Originally featured on BroadcastEngineering.com
Media rights on Congressional front burner
Consumer rights over the use of digital media are shaping up to become one of the New Year’s most contentious issues in Congress. Now, new legislation has been introduced to counter the consumer restrictions advocated by Hollywood motion picture studios on fair use of digital media.
U.S. Representatives Rick Boucher (D-VA), John Doolittle (R-CA), Spencer Bachus (R-AL) and Patrick Kennedy (D-RI) have introduced the proposed Digital Media Consumers' Rights Act, legislation with the goal of protecting the fair use rights enjoyed by the public in the analog era. The bill would enable the consumers of digital media to make use of it in ways that enhance their personal convenience.
The new legislation (H.R. 107) is identical to that which Boucher and Doolittle introduced last fall in the previous Congress.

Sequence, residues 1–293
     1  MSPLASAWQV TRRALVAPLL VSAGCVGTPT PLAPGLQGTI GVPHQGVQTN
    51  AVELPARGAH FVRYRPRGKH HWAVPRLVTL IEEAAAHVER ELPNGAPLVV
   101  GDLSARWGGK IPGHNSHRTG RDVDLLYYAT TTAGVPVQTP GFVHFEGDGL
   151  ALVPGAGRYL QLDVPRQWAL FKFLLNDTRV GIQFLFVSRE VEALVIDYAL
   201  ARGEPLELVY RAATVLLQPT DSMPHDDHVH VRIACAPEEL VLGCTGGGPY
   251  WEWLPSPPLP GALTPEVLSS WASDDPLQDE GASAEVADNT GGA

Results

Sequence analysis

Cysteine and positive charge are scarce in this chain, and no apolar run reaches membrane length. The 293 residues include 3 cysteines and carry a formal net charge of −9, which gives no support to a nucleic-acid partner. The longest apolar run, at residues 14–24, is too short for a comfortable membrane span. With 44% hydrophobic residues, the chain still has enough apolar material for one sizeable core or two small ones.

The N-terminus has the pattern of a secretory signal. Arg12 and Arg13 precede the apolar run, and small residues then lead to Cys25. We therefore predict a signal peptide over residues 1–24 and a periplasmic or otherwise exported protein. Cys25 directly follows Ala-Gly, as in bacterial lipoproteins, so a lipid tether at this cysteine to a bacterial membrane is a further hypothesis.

Maintaining that fair use rights are severely threatened with restrictions on digital media, the legislators propose amending the Digital Millennium Copyright Act, which was enacted in 1998, at the behest of motion picture studios, the recording industry and book publishers.
“The fair use doctrine is threatened today as never before. Historically, the nation’s copyright laws have reflected a carefully calibrated balance between the rights of copyright owners and the rights of the users of copyrighted material. The Digital Millennium Copyright Act dramatically tilted the copyright balance toward complete copyright protection at the expense of the Fair Use rights of the users of copyrighted material,” Boucher said.
“The re-introduced legislation will assure that consumers who purchase digital media can enjoy a broad range of uses of the media for their own convenience in a way which does not infringe the copyright in the work,” Boucher said.
The bill addresses two key provisions of the 1998 law that prohibit the circumvention of a technical protection measure guarding access to a copyrighted work even if the purpose of the circumvention is to exercise consumer fair use rights. The bill re-introduced this week would limit the scope of the prohibition to circumvention for the purpose of copyright infringement. Circumvention for the purpose of exercising fair use rights would be permitted under the legislation.
For more information on the proposed law visit www.house.gov/boucher/docs/dmca108.htm.
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